A Strong Female Lead

I was scrolling through Netflix recently and one of my top recommended categories was “Emotional Movies Starring a Strong Female Lead.” I stopped and reread this category ironically smirking to myself asking, “is this a metaphor for my life in 2017?” As I continued to scroll, many of the other categories were variations of this same title, “Witty TV Comedies Featuring a Strong Female Lead” and “Independent Movies Starring a Strong Female Lead.” There I was in black and white on Netflix. Who knew a site that was meant for mindless binging could actually reflect my real life situation so accurately.

Since this Netflix typecasting, I’ve realized that all the while I thought I was using this site as an escape to take me to places and scenarios so different from my own, I was actually choosing to watch characters who maybe mirrored many of the qualities I have gained this year.

I’ve been struggling with how I wanted to reflect back on 2017, and truthfully a lot of the experiences are so fresh, maybe I’m not far enough from them to make real judgments about what I’ve learned and how I’ve grown. But I want to do it, so in a year I can look back and be proud of all the things that I’ve survived this year.

I had to step into the role of strong female lead so many times this year I probably can’t even recall all of the moments. But here are some that stuck out:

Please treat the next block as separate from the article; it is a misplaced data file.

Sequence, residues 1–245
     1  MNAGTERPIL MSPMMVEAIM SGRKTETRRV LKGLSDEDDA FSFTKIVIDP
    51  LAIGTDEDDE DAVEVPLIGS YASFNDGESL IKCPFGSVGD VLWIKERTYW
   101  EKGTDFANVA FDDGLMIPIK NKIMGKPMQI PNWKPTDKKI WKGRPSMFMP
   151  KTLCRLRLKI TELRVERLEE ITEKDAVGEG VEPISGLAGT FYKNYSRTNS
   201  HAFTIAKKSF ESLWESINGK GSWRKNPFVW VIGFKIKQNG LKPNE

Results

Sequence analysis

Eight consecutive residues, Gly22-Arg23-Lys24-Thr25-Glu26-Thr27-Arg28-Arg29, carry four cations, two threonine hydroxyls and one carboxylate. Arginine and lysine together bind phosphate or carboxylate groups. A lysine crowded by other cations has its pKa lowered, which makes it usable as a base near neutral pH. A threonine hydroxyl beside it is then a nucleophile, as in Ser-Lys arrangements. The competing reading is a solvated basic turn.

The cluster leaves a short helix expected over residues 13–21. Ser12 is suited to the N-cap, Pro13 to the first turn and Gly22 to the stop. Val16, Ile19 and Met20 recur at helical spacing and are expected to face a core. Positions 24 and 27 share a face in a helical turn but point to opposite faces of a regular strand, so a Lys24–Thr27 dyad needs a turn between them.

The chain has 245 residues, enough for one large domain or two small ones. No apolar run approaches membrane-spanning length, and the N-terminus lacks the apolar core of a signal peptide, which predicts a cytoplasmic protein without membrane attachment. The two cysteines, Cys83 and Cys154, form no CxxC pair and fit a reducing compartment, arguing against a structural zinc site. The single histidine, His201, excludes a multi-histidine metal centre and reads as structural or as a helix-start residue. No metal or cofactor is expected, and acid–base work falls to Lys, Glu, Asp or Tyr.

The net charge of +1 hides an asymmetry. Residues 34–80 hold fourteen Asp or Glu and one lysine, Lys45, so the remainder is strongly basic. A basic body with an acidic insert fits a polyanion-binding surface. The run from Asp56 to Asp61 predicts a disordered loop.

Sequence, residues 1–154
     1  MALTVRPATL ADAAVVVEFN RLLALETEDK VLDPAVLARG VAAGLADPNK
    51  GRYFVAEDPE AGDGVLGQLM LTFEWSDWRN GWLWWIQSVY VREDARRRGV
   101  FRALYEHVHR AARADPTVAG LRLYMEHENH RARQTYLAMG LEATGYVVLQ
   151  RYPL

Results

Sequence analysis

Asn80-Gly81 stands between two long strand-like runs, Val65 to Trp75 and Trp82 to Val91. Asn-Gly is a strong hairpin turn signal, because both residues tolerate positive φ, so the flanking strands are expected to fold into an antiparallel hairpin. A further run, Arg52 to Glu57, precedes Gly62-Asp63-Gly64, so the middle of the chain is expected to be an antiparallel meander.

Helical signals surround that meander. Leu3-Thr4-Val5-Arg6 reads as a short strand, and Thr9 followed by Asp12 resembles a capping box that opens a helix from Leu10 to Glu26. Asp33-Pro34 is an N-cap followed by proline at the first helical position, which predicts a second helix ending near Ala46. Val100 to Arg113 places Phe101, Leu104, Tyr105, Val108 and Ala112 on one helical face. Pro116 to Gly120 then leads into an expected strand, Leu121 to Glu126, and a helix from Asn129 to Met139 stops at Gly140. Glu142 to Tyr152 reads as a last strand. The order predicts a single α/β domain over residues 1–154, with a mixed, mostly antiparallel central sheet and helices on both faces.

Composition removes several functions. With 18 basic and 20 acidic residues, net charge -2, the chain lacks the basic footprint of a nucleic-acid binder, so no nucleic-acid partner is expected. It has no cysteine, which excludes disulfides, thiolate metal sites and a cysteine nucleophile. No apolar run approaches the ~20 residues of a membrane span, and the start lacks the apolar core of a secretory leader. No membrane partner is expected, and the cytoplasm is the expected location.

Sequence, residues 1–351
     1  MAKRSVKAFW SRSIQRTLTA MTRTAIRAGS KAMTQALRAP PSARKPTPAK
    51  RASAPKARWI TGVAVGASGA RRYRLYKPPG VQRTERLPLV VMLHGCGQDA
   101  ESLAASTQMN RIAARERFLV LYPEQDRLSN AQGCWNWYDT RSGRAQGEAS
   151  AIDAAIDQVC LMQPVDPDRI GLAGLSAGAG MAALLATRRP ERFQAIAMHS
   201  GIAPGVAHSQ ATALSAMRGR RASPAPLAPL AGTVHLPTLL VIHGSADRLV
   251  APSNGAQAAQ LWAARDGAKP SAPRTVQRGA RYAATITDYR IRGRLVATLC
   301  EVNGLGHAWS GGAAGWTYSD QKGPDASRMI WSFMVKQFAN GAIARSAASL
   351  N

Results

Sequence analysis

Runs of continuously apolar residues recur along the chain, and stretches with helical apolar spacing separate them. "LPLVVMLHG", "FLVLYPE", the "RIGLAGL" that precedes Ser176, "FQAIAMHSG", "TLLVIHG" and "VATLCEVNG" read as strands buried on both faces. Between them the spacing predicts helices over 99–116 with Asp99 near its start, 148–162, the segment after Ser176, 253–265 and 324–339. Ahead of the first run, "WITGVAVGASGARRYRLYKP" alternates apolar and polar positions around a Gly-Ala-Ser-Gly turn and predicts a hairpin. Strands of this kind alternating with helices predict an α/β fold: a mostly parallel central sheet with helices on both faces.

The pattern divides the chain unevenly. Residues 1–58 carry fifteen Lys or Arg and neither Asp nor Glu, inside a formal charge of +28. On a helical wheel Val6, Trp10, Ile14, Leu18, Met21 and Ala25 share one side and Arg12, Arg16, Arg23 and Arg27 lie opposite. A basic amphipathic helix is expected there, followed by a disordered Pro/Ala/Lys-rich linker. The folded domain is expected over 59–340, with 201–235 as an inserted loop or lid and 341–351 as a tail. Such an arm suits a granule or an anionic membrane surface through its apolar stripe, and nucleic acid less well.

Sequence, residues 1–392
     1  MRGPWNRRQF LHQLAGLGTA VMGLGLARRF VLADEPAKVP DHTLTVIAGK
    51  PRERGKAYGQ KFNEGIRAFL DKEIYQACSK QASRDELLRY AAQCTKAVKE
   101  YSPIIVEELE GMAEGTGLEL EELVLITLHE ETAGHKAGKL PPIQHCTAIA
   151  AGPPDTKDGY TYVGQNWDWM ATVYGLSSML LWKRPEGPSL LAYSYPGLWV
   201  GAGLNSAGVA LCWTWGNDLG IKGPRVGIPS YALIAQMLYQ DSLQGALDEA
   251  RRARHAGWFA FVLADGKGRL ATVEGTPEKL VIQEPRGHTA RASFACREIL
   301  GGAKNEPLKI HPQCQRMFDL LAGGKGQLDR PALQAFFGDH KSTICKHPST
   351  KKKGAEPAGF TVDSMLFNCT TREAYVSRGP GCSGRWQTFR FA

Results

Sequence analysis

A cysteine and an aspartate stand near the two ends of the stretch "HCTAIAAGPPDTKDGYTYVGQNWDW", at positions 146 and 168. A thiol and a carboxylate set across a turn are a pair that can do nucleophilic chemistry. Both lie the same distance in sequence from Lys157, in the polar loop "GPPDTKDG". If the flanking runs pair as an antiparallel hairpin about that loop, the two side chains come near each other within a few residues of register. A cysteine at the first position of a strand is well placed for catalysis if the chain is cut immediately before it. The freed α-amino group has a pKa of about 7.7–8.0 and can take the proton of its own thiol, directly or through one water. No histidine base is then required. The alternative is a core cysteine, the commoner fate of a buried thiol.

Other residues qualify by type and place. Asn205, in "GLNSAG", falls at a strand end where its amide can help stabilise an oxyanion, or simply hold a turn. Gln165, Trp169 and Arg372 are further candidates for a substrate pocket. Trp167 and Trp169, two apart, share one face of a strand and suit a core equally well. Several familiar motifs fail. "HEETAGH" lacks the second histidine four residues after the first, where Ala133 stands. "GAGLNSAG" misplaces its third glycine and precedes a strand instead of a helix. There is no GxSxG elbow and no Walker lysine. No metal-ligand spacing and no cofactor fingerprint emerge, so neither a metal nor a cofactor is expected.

When I decided to go head on into activism leaving my full time job and taking on a role helping to plan Women’s March Los Angeles.
When my mom was admitted into the hospital in February and I went to visit her for the first time, knowing how difficult it was going to be.
When my mom experienced her “dry run” where we thought she was going to receive the lung transplant we had waited for so long and then didn’t and later pulling myself out of the fog of depression days afterwards.
Helping my sister with her depression.
When I came to terms with my own mental health and finally went to therapy.
When I began to regularly practice yoga as a form of self care.
When I visited my mom in the ICU almost daily and then weekly for almost six months.
When I let myself date again and open myself up to the possibility of a relationship.
When I got the call about my mom’s lung transplant in July and was a pillar of strength while waiting 12 hours with my dad and sister anxiously waiting for the surgery to be over.
When I updated friends and family about my mom’s condition and what was going on even when I didn’t feel strong enough to do so.
When I visited her in the hospital following the surgery and held her and tried to calm her down as she cried in pain and faced the affects of the difficult recovery process. I was there when no one else was.